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Showing: 11-20 results of 35

THE COLONIAL MORTUARY BARD A writer in the Sydney Evening News last year gave that journal some amusing extracts from the visitors' book at Longwood, St. Helena. If the extracts are authentic copies of the original entries, they deserve to be placed on the same high plane as the following, which appeared in a Melbourne newspaper some years ago:— "Our Emily was so fairThat the angels envied her,And whispered in her ear,'We will take you... more...

CHAPTER I ~ PAUL, THE DIVER "Feeling any better to-day, Paul?" "Guess I'm getting round," and the big, bronzed-faced man raised his eyes to mine as he lay under the awning on the after deck of his pearling lugger. I sat down beside him and began to talk. A mile away the white beach of a little, land-locked bay shimmered under the morning sun, and the drooping fronds of the cocos hung listless and silent, waiting for the rising of the... more...

"There," said Tâvita the teacher, pointing with his paddle to a long, narrow peninsula which stretched out into the shallow waters of the lagoon, "there, that is the place where the battle was fought. In those days a village of thirty houses or more stood there; now no one liveth there, and only sometimes do the people come here to gather cocoanuts." The White Man nodded. "'Tis a fair place to look upon. Let us land and rest awhile, for... more...

To many people in England the mention of Australia conjures pictures of tented gold-fields and tall, black-bearded, red-shirted bushrangers; of mounted police recruited from "flaxen-haired younger sons of good old English families, well-groomed and typically Anglo-Saxon"; of squatters and sheep runs; of buckjumpers ridden by the most daring riders in the world; and of much more to the same purpose; but never is presented a picture of the sea or... more...

Perhaps the proper title of this article should be "The Influence of American Enterprise upon the Maritime Development of the first Colony in Australia," but as such a long-winded phrase would convey, at the outset, no clearer conception of the subject-matter than that of "The Americans in the South Seas," we trust our readers will be satisfied with the simpler title. It is curious, when delving into some of the dry-as-dust early Australian and... more...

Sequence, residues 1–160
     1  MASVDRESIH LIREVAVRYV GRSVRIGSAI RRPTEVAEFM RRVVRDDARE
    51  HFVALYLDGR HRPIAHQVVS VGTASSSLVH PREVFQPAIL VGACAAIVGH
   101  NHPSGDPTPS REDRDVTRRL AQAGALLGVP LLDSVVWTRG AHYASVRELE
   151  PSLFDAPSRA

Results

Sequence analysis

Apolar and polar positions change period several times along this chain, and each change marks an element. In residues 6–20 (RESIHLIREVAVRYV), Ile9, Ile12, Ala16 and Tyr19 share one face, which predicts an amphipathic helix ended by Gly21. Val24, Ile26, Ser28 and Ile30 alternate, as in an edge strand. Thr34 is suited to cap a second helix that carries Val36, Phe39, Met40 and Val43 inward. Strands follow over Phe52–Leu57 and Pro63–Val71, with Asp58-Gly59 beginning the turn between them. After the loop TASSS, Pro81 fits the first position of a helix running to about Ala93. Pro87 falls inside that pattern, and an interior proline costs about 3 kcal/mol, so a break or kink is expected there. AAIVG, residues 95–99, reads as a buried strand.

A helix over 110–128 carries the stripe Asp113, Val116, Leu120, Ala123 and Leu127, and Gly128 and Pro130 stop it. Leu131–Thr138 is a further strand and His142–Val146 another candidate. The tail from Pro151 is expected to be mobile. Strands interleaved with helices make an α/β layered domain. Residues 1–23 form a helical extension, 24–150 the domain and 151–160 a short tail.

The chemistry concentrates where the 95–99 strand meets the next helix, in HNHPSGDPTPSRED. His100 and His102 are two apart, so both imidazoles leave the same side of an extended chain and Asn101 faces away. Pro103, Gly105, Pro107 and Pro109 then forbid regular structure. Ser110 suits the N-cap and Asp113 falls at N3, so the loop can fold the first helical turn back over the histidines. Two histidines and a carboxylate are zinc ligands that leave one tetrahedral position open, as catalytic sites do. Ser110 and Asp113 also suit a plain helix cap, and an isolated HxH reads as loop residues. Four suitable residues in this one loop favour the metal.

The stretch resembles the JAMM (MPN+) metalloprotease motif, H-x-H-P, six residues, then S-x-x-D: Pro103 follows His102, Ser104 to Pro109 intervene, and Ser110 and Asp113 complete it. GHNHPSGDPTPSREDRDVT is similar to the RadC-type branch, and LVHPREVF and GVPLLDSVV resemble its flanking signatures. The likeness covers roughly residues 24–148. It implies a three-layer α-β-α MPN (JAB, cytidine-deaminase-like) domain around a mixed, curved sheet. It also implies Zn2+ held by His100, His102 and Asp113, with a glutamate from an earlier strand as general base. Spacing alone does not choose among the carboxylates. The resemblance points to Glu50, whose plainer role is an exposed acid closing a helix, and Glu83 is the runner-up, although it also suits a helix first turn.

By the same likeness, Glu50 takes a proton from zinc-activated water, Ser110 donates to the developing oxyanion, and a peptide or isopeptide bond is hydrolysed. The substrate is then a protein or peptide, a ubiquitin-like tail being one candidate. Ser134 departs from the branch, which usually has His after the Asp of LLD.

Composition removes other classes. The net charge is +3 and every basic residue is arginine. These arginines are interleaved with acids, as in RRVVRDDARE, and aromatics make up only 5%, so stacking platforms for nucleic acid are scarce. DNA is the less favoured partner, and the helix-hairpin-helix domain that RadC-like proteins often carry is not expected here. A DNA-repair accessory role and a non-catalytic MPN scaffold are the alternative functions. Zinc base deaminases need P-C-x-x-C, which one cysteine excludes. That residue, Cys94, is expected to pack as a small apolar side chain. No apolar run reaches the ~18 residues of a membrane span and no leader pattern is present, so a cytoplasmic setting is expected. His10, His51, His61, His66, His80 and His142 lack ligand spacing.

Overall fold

In the sea story of Australia, from the days of Captain Phillip in 1788, to the end of the "fifties" in the present century, American ships and seamen have no little part. First they came into the harbour of Sydney Cove as traders carrying provisions for sale to the half-starved settlers, then as whalers, and before another thirty years had passed, the starry banner might be met with anywhere in the Pacific, from the sterile shores of the... more...

A few weeks ago I was reading a charmingly written book by a lady (the wife of a distinguished savant) who had spent three months on Funafuti, one of the lagoon islands of the Ellice Group. Now the place and the brown people of whom she wrote were once very familiar to me, and her warm and generous sympathy for a dying race stirred me greatly, and when I came across the name "Funâfala," old, forgotten memories awoke once more, and I heard... more...

"Well, there's niggers an' niggers, some just as good as any white man," said Mr. Thomas Potter as he, the second mate of the island-trading barque Reconnaisance, and Denison the supercargo, walked her short, stumpy poop one night, "though when I was before the mast I couldn't stand one of 'em bunking too close to me—not for a long time. But after awhile I found out that a Kanaka or a Maori is better than the usual run of the... more...

With her white cotton canvas swelling gently out and then softly drooping flat against her cordage, the Shawnee, sperm whaler of New Bedford, with the dying breath of the south-east trade, was sailing lazily over a sea whose waters were as calm as those of a mountain lake. Twenty miles astern the lofty peaks of Tutuila, one of the islands of the Samoan group, stood out clearly in the dazzling sunshine, and, almost ahead, what at dawn had been the... more...

Late one evening, when the native village was wrapped in slumber, Temana and I brought our sleeping-mats down to the boat-shed, and spread them upon the white, clinking sand. For here, out upon the open beach, we could feel a breath of the cooling sea-breeze, denied to the village houses by reason of the thick belt of palms which encompassed them on three sides. And then we were away from Malepa's baby, which was a good thing in itself. Temana,... more...